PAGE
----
Feel free to post "Eh, that sucks," in the comments. Throw in horror stories if you have them.

* For Jason's sake, I should probably acknowledge that "my mother caught HIV from teh gay sex" would probably be worse, but dammit, this is my bitching session.

** In retrospect, one of the pre-requisites for obtaining membership of the Troubled club seems to have been dealing with hurdles by succeeding in an extraordinary way in one (or many, or every) other area of life.

Thursday, October 11, 2007


I am so freaking emo right now. I spent half my day at school crying and the other half trying not to cry. If I were any more fucking lame, I'd be cutting myself and listening to My Chemical Romance.

Sunday, October 07, 2007

short cuts

If you haven't seen the picture all over my Facebook/Myspace profiles, I had myself a haircut last weekend, right before the lovely Cliff and Danan and Tony Randazzo descended upon our house for a mini ETS get-together. Not that I have much time these days to spend on ETS, but it is nice to see people again in the flesh.

More daring even than my haircut, I am entering L'homme Armé in the SEAMUS electroacoustic composition competition, since I don't have anything to lose; nothing is going to come of it, because the piece is in a vastly different style to the usual SEAMUS ambient noise fare. The deadline is before the New Music concert, so I had to mock up something approaching a recording this weekend. The daring part is posting it here so you can listen to it.

Saturday, September 29, 2007

Citizenship ahoy

God bless the land that gave us birth!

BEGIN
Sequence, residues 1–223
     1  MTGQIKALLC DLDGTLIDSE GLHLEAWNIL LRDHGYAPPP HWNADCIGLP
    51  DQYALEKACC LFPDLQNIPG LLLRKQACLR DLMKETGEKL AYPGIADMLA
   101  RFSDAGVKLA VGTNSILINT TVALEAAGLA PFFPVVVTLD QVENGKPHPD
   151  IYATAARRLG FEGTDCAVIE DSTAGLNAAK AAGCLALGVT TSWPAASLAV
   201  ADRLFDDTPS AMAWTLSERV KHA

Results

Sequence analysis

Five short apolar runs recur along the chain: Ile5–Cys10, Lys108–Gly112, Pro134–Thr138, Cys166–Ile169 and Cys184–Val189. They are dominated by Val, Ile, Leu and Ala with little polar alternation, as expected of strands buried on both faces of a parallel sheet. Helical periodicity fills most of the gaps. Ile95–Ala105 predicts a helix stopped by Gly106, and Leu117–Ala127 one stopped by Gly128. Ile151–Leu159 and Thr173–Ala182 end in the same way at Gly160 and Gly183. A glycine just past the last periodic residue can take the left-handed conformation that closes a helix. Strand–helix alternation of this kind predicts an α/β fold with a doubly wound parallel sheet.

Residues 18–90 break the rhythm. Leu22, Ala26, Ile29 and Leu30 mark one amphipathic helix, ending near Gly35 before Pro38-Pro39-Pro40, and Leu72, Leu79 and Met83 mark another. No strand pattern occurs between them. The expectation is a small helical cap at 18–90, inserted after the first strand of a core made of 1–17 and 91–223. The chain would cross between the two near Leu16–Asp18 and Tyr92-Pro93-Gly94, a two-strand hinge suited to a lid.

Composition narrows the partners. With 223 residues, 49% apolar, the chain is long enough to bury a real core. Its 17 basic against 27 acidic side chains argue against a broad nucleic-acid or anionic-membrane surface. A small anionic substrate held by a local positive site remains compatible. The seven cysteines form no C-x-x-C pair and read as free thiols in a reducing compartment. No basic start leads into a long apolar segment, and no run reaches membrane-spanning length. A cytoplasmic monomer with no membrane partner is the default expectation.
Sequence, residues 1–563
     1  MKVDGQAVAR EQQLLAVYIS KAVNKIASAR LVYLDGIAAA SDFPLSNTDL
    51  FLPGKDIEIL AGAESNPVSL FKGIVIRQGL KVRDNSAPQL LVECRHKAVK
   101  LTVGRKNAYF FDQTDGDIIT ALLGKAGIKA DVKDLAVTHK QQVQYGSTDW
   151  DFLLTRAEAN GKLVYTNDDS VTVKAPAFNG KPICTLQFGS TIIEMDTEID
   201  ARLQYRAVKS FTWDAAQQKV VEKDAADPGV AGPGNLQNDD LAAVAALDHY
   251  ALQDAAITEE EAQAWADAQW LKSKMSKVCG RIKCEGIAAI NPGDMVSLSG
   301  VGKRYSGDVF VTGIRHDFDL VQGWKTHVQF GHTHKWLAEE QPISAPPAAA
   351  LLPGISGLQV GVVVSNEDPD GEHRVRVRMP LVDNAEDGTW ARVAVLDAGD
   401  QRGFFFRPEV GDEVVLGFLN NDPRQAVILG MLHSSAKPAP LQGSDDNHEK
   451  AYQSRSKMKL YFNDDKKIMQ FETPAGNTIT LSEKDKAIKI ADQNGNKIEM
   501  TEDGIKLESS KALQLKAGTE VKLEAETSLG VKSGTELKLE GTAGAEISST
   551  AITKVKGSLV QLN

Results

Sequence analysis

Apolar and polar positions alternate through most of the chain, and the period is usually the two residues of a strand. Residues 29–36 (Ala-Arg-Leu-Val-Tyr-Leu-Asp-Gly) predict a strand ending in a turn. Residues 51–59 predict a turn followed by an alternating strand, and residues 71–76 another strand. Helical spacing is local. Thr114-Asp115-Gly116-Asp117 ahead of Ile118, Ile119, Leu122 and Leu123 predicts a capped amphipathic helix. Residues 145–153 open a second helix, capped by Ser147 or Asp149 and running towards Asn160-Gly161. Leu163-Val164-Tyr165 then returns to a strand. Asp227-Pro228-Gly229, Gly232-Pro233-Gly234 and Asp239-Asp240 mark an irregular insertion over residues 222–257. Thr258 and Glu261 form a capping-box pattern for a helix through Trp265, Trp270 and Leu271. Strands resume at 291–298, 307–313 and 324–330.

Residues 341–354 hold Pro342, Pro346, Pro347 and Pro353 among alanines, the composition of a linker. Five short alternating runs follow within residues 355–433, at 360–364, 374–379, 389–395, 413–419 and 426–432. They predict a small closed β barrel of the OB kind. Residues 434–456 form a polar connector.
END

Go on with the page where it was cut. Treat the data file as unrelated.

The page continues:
No pray'r but this know we.
God bless the land, of all the earth,
The happy and the free.
And where's the land like ours can brave
The splendor of the day.
And find no son of hers a slave?
God bless America!
God bless the land, the land beloved
Forever and for aye!
God bless the land that gave us birth.
God bless America!

This week, I filed my citizenship papers. I cannot wait for my vote to not be counted like everyone else's!

I am seriously excited to complete the civics test and prove that I am more qualified to be a citizen than most natural-born Americans. Matt quizzed me the other day with the practice questions at the back of the citizenship guide, and I got nearly all of them right - including naming the original thirteen colonies off the top of my head, yay! I missed the questions about Patrick Henry (unheard of in Australian history classrooms, and his name is too goddamn generic to stick in my head) and how many members there are in the House of Reps. An informal questioning of educated Americans in my college classrooms reveals that, in fact, nobody knows how many people are in the House of Reps.

The answer, which I will now remember for life, is 435. (Answer subject to change following the next census).

The processing time for the I-400 is something like two years, so it's likely my vote officially won't not count until 2012.

In unrelated news, I am completely addicted to Scrabble on Facebook.